Their partnership had been founded on grief and healing, beginning in the wake of tragedy. Art had lost his wife, Kathy, and sons Tanner, 10, and Shea, 6, when a falling boulder struck their car in Glenwood Canyon in 1995. Allison was fluent in the language of extraordinary grief, having lost a brother young to suicide, and reached out to Art to support him in the aftermath of the canyon tragedy.

Since the early days of their relationship and the aftermath of the accident, Allison and Art had discussed mortality openly. So last year, with Art’s health declining and the threat of the pandemic, they talked about it even more. Alison marveled at how Art lived in acceptance of it and without fear, which brought her solace when he did die in his sleep.

Every room of the Daily home, off Cemetery Lane, is filled with family photos, including images of Allison and Art, children Piper, Burke and Rider, and Art's late wife Kathy and children Tanner and Shea, who were killed by falling rocks on I-70 in 1995.

Art was cremated, per his wishes. She avoided creating any kind of group gathering for a memorial, so as not to spread the virus. She held a funeral service at the Aspen Chapel, with only the immediate family in-person and a larger group joining via Zoom, working with audio and visual professionals to make it a meaningful experience for the virtual attendees.

“I wanted to make sure that the feeling came across,” she said. “The feedback I got was that it had the feeling of intimacy and closeness and the video was good.”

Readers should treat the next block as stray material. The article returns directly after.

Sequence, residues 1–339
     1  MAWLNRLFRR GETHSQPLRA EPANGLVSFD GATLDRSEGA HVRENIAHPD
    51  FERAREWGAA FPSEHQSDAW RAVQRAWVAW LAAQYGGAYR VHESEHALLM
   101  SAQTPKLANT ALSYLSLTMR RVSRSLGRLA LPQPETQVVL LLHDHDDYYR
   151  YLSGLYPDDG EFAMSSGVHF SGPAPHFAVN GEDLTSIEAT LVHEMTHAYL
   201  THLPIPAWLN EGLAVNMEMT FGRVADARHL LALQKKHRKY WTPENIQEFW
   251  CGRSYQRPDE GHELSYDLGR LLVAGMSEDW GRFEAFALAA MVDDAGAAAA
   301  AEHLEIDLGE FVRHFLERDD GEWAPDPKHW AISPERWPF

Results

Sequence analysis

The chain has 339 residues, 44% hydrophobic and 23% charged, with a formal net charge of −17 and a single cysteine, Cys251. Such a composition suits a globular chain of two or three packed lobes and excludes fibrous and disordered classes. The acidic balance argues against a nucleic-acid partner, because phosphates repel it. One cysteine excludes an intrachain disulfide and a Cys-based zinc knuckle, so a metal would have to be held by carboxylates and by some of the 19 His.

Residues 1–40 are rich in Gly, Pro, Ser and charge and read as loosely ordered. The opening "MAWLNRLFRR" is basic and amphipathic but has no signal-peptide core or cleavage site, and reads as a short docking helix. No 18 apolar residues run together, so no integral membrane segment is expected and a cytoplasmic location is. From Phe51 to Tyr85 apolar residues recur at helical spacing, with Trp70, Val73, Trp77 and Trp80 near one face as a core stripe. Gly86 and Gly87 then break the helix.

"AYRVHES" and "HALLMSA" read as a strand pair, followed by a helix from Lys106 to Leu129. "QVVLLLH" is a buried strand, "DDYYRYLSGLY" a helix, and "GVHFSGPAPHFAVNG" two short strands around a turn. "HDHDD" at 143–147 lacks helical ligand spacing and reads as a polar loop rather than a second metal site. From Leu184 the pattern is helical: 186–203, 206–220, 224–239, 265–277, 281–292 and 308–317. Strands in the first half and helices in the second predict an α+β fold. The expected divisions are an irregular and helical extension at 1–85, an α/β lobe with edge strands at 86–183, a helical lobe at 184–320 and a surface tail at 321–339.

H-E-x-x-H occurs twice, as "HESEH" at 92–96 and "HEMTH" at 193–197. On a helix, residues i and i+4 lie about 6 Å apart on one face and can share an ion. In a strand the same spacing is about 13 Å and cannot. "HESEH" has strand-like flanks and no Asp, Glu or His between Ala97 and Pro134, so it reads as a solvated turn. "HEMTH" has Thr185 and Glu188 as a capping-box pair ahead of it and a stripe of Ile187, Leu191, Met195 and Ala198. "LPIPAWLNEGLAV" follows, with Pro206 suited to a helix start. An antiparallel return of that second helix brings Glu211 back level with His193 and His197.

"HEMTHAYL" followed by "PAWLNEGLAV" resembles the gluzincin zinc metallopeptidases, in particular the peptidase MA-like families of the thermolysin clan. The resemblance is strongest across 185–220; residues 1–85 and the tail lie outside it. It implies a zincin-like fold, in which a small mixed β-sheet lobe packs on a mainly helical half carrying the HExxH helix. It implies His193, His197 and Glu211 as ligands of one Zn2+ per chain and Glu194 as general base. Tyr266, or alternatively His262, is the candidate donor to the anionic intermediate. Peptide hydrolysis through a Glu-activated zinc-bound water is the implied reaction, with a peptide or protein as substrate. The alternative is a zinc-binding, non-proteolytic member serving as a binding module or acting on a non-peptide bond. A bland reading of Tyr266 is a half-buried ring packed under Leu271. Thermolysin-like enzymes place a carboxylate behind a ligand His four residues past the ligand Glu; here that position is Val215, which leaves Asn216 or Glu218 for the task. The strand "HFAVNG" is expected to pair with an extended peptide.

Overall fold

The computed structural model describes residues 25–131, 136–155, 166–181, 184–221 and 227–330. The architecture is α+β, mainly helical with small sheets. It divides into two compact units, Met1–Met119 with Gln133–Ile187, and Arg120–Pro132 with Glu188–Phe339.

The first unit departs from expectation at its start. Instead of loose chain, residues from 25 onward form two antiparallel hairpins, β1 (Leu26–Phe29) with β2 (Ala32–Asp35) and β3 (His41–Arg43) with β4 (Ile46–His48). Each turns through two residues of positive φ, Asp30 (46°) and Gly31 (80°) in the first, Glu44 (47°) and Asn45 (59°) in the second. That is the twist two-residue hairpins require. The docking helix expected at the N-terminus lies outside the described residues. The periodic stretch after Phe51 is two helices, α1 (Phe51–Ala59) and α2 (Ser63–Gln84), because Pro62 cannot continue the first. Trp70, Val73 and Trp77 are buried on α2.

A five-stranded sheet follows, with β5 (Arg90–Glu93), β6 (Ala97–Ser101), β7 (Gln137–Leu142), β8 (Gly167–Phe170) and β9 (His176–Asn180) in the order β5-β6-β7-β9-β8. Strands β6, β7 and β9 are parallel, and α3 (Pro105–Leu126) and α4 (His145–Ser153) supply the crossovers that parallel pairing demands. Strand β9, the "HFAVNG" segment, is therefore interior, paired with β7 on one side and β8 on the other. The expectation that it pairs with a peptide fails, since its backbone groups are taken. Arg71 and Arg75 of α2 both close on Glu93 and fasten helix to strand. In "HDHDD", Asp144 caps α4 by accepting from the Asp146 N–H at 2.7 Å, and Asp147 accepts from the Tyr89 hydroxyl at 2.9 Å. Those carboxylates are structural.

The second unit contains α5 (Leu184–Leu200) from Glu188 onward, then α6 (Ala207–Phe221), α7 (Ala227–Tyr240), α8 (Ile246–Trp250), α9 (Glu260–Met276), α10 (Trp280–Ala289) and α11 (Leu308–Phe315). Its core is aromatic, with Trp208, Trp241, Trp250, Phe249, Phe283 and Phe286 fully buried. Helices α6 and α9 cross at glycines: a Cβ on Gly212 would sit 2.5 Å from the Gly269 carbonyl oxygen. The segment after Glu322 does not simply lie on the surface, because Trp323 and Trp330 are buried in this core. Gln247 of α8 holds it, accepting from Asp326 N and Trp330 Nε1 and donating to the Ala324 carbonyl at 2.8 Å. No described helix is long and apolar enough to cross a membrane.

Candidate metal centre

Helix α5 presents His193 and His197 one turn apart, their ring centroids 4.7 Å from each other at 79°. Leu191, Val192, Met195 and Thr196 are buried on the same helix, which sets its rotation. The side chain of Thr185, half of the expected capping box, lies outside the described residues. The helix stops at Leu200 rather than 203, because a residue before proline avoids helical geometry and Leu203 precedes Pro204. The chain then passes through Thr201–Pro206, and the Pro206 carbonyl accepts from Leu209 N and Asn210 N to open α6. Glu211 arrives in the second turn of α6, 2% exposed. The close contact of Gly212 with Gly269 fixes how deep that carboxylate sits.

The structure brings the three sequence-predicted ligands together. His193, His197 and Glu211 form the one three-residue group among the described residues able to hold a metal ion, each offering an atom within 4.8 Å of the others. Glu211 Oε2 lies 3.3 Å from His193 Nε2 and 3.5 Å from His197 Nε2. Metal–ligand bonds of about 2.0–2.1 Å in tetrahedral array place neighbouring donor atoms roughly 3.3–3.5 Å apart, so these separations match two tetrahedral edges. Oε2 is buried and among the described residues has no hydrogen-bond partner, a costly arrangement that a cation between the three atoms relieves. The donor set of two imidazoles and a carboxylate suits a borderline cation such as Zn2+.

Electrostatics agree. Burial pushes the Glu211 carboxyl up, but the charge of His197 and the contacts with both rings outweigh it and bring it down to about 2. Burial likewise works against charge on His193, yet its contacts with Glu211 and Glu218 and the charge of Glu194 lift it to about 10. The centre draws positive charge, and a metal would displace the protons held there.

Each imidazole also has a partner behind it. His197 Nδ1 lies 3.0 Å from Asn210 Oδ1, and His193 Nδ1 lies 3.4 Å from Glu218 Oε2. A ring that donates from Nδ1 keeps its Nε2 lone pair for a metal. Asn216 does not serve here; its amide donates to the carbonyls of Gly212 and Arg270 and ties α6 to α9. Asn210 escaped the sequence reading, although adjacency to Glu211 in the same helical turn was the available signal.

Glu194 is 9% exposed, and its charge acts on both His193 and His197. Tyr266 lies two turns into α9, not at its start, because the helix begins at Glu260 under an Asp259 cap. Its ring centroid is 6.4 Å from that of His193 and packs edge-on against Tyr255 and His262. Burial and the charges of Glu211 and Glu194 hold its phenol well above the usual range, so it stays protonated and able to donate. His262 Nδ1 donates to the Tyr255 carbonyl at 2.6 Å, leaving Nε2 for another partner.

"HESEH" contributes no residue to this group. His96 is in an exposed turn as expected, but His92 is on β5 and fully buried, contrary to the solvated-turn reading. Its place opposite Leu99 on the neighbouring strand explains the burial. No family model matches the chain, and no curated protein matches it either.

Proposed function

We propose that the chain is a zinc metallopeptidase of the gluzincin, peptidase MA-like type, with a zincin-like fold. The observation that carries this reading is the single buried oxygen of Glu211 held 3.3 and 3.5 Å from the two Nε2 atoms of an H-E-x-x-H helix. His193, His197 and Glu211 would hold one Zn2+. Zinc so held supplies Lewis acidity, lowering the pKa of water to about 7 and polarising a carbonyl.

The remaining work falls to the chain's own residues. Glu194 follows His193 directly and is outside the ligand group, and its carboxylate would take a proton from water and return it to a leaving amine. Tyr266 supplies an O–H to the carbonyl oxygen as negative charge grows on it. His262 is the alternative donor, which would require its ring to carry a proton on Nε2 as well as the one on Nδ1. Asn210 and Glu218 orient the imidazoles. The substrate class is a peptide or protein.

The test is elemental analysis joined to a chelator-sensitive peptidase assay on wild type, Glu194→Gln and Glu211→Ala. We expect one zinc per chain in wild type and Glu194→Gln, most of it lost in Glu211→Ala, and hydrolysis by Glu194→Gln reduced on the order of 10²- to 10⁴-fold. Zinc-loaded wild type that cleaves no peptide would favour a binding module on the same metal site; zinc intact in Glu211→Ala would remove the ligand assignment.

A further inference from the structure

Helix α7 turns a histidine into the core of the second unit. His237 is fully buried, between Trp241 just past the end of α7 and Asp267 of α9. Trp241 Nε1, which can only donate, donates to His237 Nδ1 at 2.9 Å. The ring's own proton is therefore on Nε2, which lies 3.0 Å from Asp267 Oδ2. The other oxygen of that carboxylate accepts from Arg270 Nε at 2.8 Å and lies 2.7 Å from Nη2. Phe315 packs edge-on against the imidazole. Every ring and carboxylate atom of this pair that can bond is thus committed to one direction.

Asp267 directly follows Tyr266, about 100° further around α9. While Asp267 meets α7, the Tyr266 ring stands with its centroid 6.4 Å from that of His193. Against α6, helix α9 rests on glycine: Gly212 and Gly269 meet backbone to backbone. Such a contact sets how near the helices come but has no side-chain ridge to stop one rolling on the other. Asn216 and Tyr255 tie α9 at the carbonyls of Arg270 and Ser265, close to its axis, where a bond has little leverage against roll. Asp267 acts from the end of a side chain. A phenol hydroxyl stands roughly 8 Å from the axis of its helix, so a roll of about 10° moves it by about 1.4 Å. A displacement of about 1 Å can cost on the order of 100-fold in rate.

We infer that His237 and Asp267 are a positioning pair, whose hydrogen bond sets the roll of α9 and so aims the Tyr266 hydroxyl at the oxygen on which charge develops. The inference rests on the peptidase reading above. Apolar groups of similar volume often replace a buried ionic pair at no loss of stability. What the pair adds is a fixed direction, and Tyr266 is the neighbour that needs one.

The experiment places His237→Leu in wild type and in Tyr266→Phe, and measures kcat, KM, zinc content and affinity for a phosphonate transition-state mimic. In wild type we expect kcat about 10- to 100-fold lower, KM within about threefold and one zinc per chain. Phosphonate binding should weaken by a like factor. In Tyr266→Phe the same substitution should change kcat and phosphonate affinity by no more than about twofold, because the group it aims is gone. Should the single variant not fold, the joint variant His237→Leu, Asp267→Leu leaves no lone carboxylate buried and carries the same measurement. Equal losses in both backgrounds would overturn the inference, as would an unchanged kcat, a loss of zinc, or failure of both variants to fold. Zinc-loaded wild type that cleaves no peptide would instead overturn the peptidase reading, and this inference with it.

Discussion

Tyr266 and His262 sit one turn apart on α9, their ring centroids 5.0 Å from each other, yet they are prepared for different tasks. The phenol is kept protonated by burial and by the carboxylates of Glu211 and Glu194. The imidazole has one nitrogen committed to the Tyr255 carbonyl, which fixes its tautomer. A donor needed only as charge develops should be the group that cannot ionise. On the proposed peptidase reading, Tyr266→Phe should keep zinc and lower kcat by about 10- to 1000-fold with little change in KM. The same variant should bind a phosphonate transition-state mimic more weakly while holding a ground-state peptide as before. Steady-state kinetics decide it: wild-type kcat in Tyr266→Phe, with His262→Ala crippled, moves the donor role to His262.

Art was a beloved and very public figure in Aspen, from his time as a young lawyer in the 1960s through his varied public service including lending a hand with anyone who lost a child, from the memoir “Out of the Canyon” which he penned with Allison to his term serving on Aspen City Council. In normal times, his memorial would have brought out friends, locals and admirers to fill the biggest rooms in Aspen. (Allison suggested she might still hold a public celebration of his life some time later when restrictions allow.)

Without those traditional rites of mourning, but with distanced gatherings outside considered safe, Allison found herself going on walks with people instead, talking about Art and her feelings while huffing up Smuggler Mountain or hiking though the woods.

“If I wanted to see someone, it was great, we would just take a walk,” she said.

Daily was surprised to find herself grateful for social distancing guidelines and public health limits on gatherings in the time following Art’s death. For Pathfinders clients in mourning, she always suggests they create clear boundaries and put up a sign on their door when they don’t want visitors. The pandemic made that process easy for Daily.

Other than her brother and a close friend who got COVID tests so they could hug without concern, along with her and Art’s children, she asked people not to come to the house.

Her grieving happened privately, much of it in the home, with condolences arriving at a distance.